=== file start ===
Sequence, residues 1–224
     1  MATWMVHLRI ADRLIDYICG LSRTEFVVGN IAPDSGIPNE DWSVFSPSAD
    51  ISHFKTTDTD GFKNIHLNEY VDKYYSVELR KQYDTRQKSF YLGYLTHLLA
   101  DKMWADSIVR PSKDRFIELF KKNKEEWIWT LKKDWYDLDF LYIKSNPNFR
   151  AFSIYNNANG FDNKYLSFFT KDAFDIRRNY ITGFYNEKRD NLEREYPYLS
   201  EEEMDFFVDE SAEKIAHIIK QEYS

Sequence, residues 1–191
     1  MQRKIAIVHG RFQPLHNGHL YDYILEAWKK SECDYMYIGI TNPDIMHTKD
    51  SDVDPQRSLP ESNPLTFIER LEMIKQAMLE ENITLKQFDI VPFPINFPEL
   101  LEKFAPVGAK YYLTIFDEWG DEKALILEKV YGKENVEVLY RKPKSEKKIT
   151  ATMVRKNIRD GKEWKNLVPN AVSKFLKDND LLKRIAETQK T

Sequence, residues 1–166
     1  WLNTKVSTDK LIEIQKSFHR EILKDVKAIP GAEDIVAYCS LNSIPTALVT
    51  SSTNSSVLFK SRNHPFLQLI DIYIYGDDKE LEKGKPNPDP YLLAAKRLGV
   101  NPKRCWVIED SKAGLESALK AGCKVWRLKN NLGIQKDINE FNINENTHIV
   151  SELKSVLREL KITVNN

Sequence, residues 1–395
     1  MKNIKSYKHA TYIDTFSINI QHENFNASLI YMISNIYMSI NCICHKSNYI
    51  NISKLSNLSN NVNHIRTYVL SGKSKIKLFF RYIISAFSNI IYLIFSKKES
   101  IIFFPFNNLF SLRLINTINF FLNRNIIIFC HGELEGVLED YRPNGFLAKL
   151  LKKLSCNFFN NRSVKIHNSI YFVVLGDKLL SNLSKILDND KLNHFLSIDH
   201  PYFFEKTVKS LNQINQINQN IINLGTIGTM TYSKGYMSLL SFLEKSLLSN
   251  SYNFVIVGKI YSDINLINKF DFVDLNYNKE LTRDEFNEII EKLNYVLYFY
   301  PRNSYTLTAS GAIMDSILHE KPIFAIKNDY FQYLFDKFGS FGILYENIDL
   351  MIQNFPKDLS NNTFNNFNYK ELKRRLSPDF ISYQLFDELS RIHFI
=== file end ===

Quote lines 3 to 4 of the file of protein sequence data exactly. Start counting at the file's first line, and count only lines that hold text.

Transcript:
    51  ISHFKTTDTD GFKNIHLNEY VDKYYSVELR KQYDTRQKSF YLGYLTHLLA
   101  DKMWADSIVR PSKDRFIELF KKNKEEWIWT LKKDWYDLDF LYIKSNPNFR